The Nagpur-based CICR, which was consulted by the ministry of agriculture on whether the pink bollworm had developed resistance to Bt cotton in India, affirmed that it indeed had. All this while it was believed that Bollgard-II offered resistance against three pests: American bollworm (Helicoverpa armigera), pink bollworm and spotted bollworm (Earias vittella). The crop loss in Gujarat last year was attributed to this particular pest spreading far and wide. There were similar attacks by pink bollworm and whitefly in other states.


The CICR has already introduced Bt genes into 21 cotton seed varieties, which it claims can be provided to farmers at 10 per cent of the price of hybrid seeds. These also offer better pest resistance. Tests are still under way in Telengana and Maharashtra. The best Bt varieties will be identified from the trial results of 2016 and the seeds will be made available to farmers from 2017.


Even as the government was apparently pushed on the back foot in the face of the Karnataka HC interim order, it has already decided to promote cultivation of indigenous varieties of the crop in a big way this year. This decision was taken at an official meeting on April 5, 2016 headed by minister for agriculture Radha Mohan Singh. Among those present were officials of the ministry, ICAR, CICR and the Cotton Corporation of India (CCI), besides representatives from seed companies. Before 2002, about a quarter of the cotton cultivation area was under indigenous varieties. In a bid to recover lost ground, Punjab, Haryana and Rajasthan have already been asked to use only recommended Indian seeds for preventing pest attacks.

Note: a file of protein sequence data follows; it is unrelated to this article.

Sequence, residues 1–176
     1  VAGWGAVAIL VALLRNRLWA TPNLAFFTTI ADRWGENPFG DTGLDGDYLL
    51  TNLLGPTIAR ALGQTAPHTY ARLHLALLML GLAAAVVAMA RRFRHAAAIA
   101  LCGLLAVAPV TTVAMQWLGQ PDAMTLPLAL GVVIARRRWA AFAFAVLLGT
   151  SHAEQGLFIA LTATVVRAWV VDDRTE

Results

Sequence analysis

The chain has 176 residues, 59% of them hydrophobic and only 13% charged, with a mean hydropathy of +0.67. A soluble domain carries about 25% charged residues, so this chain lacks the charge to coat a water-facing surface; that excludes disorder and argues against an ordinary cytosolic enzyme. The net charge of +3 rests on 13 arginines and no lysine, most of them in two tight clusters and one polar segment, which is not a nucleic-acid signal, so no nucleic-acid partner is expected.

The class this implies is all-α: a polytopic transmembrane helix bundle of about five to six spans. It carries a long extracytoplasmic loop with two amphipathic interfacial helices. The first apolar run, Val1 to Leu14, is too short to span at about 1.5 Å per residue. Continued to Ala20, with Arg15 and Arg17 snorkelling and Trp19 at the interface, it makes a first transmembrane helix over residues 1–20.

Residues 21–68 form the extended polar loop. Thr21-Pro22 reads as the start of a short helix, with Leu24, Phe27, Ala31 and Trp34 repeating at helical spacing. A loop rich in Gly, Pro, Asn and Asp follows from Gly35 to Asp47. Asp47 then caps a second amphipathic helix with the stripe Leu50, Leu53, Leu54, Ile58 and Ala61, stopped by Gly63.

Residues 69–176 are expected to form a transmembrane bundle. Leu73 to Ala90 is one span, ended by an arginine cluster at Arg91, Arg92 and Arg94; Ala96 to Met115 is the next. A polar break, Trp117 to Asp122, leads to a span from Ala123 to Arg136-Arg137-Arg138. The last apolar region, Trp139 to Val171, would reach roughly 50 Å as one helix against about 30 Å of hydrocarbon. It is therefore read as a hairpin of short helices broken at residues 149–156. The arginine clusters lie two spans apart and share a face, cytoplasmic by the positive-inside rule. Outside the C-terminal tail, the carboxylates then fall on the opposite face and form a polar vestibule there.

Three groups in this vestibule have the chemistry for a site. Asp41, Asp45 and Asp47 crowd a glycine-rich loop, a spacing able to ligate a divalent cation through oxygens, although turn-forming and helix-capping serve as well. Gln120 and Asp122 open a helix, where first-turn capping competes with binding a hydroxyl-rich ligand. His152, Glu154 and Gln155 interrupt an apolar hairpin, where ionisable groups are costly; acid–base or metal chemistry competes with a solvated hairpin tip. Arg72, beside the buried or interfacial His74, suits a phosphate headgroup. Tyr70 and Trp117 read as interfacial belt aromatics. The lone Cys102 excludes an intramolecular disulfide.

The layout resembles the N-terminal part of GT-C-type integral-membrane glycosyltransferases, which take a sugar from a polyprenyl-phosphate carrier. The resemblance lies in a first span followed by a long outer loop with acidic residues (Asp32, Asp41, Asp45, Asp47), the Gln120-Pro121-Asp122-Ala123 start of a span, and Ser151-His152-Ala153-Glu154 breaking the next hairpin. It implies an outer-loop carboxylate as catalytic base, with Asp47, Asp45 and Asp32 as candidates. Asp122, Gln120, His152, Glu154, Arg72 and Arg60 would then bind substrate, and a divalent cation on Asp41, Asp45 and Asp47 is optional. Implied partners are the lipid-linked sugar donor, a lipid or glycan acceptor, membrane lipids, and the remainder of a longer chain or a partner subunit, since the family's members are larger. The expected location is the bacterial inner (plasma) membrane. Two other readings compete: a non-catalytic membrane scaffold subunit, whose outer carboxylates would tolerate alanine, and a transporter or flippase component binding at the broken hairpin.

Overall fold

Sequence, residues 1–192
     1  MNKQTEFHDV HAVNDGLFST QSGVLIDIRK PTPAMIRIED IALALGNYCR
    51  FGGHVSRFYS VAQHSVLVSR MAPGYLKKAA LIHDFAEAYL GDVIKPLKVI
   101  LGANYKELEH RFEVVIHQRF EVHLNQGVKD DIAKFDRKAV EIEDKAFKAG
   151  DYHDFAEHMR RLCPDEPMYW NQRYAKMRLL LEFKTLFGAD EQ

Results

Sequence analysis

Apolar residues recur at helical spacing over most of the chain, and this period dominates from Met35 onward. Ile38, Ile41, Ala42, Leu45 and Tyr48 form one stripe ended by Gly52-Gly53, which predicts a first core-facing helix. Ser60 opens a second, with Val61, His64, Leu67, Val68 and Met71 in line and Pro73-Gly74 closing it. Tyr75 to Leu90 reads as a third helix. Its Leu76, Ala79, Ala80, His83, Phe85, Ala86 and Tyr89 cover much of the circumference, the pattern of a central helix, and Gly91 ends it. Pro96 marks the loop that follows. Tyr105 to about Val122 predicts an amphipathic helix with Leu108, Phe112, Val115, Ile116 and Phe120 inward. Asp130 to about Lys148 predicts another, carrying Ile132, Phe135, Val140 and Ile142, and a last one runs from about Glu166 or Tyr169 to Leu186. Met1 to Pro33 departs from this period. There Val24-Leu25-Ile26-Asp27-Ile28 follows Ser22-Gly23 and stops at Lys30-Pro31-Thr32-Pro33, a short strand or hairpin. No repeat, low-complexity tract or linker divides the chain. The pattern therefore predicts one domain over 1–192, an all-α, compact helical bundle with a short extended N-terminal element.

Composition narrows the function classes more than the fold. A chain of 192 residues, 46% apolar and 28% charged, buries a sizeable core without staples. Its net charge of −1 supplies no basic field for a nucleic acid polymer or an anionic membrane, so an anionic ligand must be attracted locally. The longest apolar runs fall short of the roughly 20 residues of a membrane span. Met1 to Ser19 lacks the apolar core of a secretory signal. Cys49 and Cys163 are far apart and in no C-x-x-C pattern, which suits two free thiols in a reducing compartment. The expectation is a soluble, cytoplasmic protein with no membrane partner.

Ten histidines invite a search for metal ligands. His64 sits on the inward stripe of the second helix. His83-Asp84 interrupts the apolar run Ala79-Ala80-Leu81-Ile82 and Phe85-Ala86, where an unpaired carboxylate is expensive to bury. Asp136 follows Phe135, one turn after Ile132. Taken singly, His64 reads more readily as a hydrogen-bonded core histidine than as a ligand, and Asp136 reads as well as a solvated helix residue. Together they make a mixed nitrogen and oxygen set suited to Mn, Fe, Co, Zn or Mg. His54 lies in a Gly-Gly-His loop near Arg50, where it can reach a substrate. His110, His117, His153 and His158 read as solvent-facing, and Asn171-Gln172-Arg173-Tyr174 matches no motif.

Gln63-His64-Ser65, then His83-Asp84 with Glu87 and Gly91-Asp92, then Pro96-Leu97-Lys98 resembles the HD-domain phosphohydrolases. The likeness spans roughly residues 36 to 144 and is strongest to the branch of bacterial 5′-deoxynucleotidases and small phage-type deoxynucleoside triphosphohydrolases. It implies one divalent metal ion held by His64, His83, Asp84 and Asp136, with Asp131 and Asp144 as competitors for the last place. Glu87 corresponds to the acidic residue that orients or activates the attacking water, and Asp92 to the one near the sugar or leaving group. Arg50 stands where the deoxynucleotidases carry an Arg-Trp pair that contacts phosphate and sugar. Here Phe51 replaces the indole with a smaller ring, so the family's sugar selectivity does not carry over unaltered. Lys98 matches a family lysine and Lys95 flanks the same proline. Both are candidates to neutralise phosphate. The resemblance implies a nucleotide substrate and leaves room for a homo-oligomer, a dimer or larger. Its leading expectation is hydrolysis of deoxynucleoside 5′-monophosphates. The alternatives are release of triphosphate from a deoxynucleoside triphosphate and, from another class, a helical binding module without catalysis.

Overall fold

As of now, most of the criticism of the government has been on the issue of free markets. An editorial in the Business Standard newspaper remarked, "If the government is truly keen to bring down the prices of GM seeds of cotton, the best way to do so will be to promote competition by allowing development of such seeds by more private and public sector bodies. But the government's present policies governing GM crops are far from conducive to the emergence of such competition. Well-advised changes in these policies are, therefore, urgently called for. That will let more gene-tweaked seeds to come up not only for cotton but also for various other crops for which such seeds are in various stages of development. Until that happens, the government should at least desist from messing up with the cotton sector which has flourished thanks to GM seeds."